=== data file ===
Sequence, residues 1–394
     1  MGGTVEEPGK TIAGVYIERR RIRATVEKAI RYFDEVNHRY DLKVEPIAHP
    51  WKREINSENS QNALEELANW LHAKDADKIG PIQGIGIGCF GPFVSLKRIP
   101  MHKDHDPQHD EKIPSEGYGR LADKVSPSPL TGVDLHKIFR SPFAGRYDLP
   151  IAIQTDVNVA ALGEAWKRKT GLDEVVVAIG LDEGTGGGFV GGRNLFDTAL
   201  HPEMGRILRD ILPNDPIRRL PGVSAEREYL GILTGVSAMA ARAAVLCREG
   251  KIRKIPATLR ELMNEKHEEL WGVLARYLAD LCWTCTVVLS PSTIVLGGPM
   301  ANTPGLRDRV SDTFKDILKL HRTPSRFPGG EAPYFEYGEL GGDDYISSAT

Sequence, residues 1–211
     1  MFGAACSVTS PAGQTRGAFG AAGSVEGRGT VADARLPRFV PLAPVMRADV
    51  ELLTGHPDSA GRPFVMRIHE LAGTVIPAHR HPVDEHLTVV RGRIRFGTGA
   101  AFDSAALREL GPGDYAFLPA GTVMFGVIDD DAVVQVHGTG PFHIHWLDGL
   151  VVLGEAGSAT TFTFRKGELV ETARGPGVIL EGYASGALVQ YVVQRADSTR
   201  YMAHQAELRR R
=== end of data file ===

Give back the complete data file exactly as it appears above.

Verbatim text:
Sequence, residues 1–394
     1  MGGTVEEPGK TIAGVYIERR RIRATVEKAI RYFDEVNHRY DLKVEPIAHP
    51  WKREINSENS QNALEELANW LHAKDADKIG PIQGIGIGCF GPFVSLKRIP
   101  MHKDHDPQHD EKIPSEGYGR LADKVSPSPL TGVDLHKIFR SPFAGRYDLP
   151  IAIQTDVNVA ALGEAWKRKT GLDEVVVAIG LDEGTGGGFV GGRNLFDTAL
   201  HPEMGRILRD ILPNDPIRRL PGVSAEREYL GILTGVSAMA ARAAVLCREG
   251  KIRKIPATLR ELMNEKHEEL WGVLARYLAD LCWTCTVVLS PSTIVLGGPM
   301  ANTPGLRDRV SDTFKDILKL HRTPSRFPGG EAPYFEYGEL GGDDYISSAT

Sequence, residues 1–211
     1  MFGAACSVTS PAGQTRGAFG AAGSVEGRGT VADARLPRFV PLAPVMRADV
    51  ELLTGHPDSA GRPFVMRIHE LAGTVIPAHR HPVDEHLTVV RGRIRFGTGA
   101  AFDSAALREL GPGDYAFLPA GTVMFGVIDD DAVVQVHGTG PFHIHWLDGL
   151  VVLGEAGSAT TFTFRKGELV ETARGPGVIL EGYASGALVQ YVVQRADSTR
   201  YMAHQAELRR R